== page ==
Tracking COVID-19 in Nebraska: Which numbers matter most

Published: Jan. 28, 2022 at 7:47 PM CST
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OMAHA, Neb. (WOWT) - Throughout the pandemic - you’ve heard a lot of different numbers and every day those numbers fluctuate for several reasons.

During holidays million more people travel and gather, increasing the probability that the virus will be transmitted.

Travelers also get tested more frequently depending on the restrictions in place for the cities they’re visiting.

Testing fluctuates also as we’ve seen recently in Omaha, with some of the most trafficked sites being forced to shut down due to inclement weather. That in turn affects the number of cases reported the following day, potentially misleading people to believe the presence of COVID in less than what it truly is across the community.

For that reason, medical experts, including Dr. Mark Rupp, Head of Infectious Disease at Nebraska Medicine, have been saying for months “looking at just the daily number of cases can be misleading.”

Two weeks ago Douglas County reported its highest single-day spike yet, with nearly 1,900 cases.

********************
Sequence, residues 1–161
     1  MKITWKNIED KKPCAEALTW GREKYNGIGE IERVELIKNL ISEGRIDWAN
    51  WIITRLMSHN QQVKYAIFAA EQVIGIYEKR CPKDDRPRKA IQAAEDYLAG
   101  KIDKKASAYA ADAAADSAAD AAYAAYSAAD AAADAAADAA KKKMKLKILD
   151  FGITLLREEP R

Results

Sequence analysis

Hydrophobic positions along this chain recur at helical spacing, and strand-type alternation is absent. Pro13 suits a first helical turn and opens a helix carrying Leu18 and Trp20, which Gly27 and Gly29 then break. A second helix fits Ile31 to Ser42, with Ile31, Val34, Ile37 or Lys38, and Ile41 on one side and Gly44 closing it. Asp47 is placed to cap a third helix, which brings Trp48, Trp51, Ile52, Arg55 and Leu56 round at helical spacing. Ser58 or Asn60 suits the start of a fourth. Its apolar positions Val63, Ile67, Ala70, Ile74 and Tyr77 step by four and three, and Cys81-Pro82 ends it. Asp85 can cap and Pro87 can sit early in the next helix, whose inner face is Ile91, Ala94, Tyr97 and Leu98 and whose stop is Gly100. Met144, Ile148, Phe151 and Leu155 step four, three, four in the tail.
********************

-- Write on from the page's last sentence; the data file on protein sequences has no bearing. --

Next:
Just weeks before that on January 3rd, the county recorded 249 in a single day. It remains the lowest daily total of the month.

Still, throughout the entirety of January, the omicron variant has run rampant, further proving that using the seven-day rolling average gives a much better idea of how the community is faring.

But now, even that is less effective at tracking the presence of COVID with the emergence of home testing kits.

The Douglas County Health Department lets you report your at-home results and encourages the community to do so, but they say there’s no way to confirm the results. Therefore, the numbers aren’t factored into the rolling average.

“Quite clearly the number of cases that we are defining is way way lower than what is in the community,” said Dr. Rupp which he added, further stamps the need for masking, good hygiene, and vaccinations.

Instead of relying on averages and case counts, Rupp pointed to the percent of positivity for the tests that are reported and the number of hospitalizations. He said both numbers are too high right now which lets us know there’s a lot of work to be done, but he also shared “guarded optimism” that Nebraska is inching closer to its peak.

According to Rupp’s analysis, other states and cities to the east that experienced a surge a few weeks before Nebraska, are finally reaching their peak after about four weeks.

He says Nebraska is just beyond that threshold and the next few weeks should give us a better idea if we’ll have a similar outcome, though many of the areas peaking did have higher vaccination rates.

In terms of the comprehensive data offered by the health department, Nebraska DHHS, and CDC, Rupp says it’s relevant and important; “We do have to look at overall trends and the average and see what the cases are doing.”

He says what’s most helpful though is if people understand how to interact with the data so they can be better equipped to make informed health decisions.

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